Ya can be used to join nouns which indicate a non-exhaustive list of items: "such things as, and...and."
Ya implies that the items stated are taken as examples from a larger group of items. In contrast to to, ya implies that the items stated are the only ones under consideration. Ya is commonly combined with nado ("and such"), which reinforces its aforementioned meaning.
Tēburu no ue ni, o sushi ya yaki tori ya tenpura nado ga arimasu.
On the table, there are such things as sushi, yakitori, and tempura.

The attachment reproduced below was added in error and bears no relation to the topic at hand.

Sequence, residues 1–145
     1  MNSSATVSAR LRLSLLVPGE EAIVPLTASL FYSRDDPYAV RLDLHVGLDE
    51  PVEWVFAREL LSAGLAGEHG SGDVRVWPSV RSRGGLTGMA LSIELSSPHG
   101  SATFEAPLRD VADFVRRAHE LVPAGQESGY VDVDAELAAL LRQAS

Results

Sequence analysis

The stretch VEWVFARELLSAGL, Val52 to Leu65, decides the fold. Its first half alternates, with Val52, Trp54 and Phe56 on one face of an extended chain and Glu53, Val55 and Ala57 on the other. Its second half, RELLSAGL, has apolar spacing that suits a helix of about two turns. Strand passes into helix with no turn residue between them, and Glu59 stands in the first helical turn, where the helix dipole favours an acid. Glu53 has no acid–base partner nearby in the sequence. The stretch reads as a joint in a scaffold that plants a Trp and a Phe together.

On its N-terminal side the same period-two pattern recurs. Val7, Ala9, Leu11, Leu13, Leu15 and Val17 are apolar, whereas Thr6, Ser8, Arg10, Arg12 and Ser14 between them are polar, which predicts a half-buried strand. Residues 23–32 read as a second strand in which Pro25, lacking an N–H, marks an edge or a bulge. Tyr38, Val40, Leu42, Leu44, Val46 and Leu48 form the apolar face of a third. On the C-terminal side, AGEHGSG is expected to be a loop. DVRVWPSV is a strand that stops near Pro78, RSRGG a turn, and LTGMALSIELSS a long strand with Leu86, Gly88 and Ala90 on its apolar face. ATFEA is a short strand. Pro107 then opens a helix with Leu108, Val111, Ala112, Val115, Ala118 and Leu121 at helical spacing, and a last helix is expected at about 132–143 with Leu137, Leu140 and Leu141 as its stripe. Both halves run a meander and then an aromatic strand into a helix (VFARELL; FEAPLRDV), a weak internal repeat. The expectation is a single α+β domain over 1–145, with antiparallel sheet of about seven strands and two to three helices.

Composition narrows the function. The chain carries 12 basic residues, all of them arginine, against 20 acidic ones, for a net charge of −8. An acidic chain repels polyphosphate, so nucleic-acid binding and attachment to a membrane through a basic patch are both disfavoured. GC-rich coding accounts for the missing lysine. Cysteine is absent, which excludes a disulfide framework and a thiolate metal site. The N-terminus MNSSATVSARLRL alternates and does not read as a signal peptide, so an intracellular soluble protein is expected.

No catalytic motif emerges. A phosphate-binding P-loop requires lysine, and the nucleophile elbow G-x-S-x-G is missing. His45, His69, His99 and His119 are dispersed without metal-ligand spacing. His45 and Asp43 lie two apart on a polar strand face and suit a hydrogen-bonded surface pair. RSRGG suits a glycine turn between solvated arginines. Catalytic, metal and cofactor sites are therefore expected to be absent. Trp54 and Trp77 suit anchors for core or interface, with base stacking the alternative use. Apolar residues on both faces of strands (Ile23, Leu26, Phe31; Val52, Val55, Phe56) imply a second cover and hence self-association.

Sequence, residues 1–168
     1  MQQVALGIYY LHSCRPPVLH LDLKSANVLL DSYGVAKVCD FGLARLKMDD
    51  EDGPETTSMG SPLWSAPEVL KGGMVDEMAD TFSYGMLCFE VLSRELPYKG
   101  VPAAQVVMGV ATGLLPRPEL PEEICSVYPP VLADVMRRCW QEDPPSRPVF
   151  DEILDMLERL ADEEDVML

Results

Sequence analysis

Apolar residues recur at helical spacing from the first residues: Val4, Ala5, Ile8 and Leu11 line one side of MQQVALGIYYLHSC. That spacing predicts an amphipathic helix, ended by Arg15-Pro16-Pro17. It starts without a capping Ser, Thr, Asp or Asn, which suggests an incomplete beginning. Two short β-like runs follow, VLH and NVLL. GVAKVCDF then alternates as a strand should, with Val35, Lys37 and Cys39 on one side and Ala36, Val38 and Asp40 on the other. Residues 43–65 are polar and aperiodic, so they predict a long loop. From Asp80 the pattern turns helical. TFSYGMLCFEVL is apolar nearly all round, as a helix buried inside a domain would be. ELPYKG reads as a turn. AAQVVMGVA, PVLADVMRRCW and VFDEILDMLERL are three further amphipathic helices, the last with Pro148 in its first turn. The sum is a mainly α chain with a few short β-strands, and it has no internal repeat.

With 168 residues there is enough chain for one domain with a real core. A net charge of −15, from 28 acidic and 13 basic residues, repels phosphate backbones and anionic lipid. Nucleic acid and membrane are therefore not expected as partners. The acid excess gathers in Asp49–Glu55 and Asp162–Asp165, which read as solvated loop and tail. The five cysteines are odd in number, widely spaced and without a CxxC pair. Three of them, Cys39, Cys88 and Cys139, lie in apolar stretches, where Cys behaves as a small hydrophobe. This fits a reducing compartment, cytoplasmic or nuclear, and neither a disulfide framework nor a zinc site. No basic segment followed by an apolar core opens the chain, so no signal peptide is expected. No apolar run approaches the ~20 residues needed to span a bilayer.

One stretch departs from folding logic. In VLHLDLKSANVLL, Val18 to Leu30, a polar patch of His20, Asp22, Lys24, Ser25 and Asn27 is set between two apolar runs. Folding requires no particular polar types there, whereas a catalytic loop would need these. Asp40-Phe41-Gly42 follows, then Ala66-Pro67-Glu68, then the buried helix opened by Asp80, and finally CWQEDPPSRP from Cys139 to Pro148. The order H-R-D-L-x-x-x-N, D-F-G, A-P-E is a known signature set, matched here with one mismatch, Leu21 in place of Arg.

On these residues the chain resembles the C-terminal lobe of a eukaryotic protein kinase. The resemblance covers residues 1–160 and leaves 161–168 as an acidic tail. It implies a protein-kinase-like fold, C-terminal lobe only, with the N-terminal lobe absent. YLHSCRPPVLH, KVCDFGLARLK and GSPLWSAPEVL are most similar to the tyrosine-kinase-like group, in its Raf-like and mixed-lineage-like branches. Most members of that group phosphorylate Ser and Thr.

Watashi no heya ni wa, konpyūtā ya sutereo ga oite arimasu.
In my room there is a computer, a stereo, and such.
Ya can also be used for the idiomatic expresstion ya ina ya (which follows the verb root): "as soon as, no sooner had."
Eki ni tsuku ya ina ya, densha ga dete shimatta.
No sooner had I arrived at the station than the train left.
Ofuro ni hairu ya ina ya, denwa ga natta.
No sonner had I gotten into the bath than the phone rang.
Hope this helps you out, next we time the particle to ka・とか, hope to see you there!
°˖ ✧◝(○ ヮ ○)◜✧˖ ° こゆうきあいはら °˖ ✧◝(○ ヮ ○)◜✧˖ °